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It’s Party Time!

by Archives October 21, 2008

Across the country, Canadians of all stripes are busy liberating themselves from the rainbow-coloured tyranny of campaign ’08 posters, lawn signs, and green shift brochures. Election Day has come and gone! Our $300 million emotional donkey-ride is finally over! And, what was the fruit of our frivolous exertions? Only the worst electoral defeat for Stéphane Dion’s Liberal party since John Turner’s 40 seat blunder in 1984. Which means it’s convention time!
For those who are unaware, a Liberal leadership convention is like a bizarre carnival where mild-mannered, hard of hearing, policy wonks can become king in a day – only to be dethroned on a whim. Unlike the much more transparent system of Democratic and Republican Party primaries and conventions, they’re utterly unpredictable. The only prescient fact is that Dion is gallows meat – which is already a foregone conclusion.
Personally, I’m inclined to forgive him for the fiasco. As a Liberal, it’s damn hard to win when there are three left leaning parties all ginning to gut each other over whose platform is the rosiest shade of socialist pink. But the gods of Canadian politics demand blood sacrifice and no one is in the mood to deny them.
I can hear the djembes drumming now. In lieu of the requisite vestal virgin (few and far between these days) the mandarins of the Liberal party will lash soon-to-be former leader Dion to a bamboo rack. Mola Ram, of Indiana Jones fame, will rip out his still-beating heart and throw it to the mob. As the chanting climaxes, Bob Rae and Michael Ignatieff will politely toss him over the edge. We’ll hear his unintelligible screams of mottled English as he plunges into the maw of a raging lava flow.
Only then will the real pit-fight commence. Originally, the CBC and other Canadian media outlets were painting any potential leadership challenge as a two dog race between the aforementioned Rae and Ignatieff. But I don’t buy it.
On the one hand you’ve got Ignatieff, who now stands on the right of basically his entire party. After all, he was as gung-ho about invading Iraq as Don Rumsfeld or Dick Cheney; having only recanted his support in 2007. Between 1978 and 2005 he didn’t even live in Canada. And, he has an awkward habit of referring to America and Americans as “us” or “we.” How exactly will he rope in the anti-war, anti-American, lefty vote that’s currently being siphoned away by the NDP and the Greens?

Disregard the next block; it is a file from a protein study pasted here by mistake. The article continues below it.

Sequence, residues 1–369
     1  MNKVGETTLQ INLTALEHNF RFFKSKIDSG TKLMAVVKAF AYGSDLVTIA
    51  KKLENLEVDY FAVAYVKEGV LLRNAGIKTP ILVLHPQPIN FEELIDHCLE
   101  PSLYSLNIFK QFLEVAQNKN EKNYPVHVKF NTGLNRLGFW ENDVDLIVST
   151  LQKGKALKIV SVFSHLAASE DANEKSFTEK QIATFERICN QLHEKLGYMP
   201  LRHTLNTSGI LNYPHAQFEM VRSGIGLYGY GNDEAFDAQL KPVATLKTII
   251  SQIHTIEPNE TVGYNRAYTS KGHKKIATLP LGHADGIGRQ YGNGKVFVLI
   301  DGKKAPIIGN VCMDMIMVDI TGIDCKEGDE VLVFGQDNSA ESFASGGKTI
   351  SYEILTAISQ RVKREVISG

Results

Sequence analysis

On the other hand you’ve got Bob “Rae-Day” Rae, whose tenure as premier of Ontario is not exactly fondly remembered. How exactly did he manage to piss-off both the business community and the labour movement at the same time anyway? Sure, as a former prominent member of the NDP he won’t struggle like Ignatieff to win over the political left, but good luck buttressing fortress Ontario.
Plus, if we learned anything from the last convention – any and every ambitious Liberal apparatchik, from the youth brigades to the grizzly hangers-on, will throw his or her hat into the ring. Amongst the more prominent dark horse contenders are Frank McKenna, John Manley, and Gerard Kennedy. Any one of them could emerge seemingly at random from under the shadow of Ignatieff and Rae to seize the mantle of Liberal leader. If the universe is feeling particularly quirky, Justin Trudeau could even wind up with the job.
The fact is that Liberal leadership conventions are one part funeral and three parts twilight gladiatorial death-match. With enough streamers, fanfare, and backroom politicking; any candidate can come out on top.
Of course, the Liberals now have about as much credibility as a pedophile protesting innocence in a schoolyard. So, I’m not sure it’s a bright idea to jettison the new party leader from a card room to the national stage in a puff of cigar smoke. No, far better for him to emerge from the unwashed masses, waving the banner of victory, with the scalps of fallen candidates lashed to his chariot – as a kind of modern Caesar.
But how, you ask, could they spark such popular momentum? Easy! Just hold a series of primary competitions in each province like the major parties do in the United States. Invite the cable news media, sit back, and watch election fever take hold. It’s the red blooded democratic way.
At the very least a primary campaign would give the commentariat a real non-whimsical basis for prognostication. And, who knows? The Liberal party might even find a candidate that Canadians will vote for.

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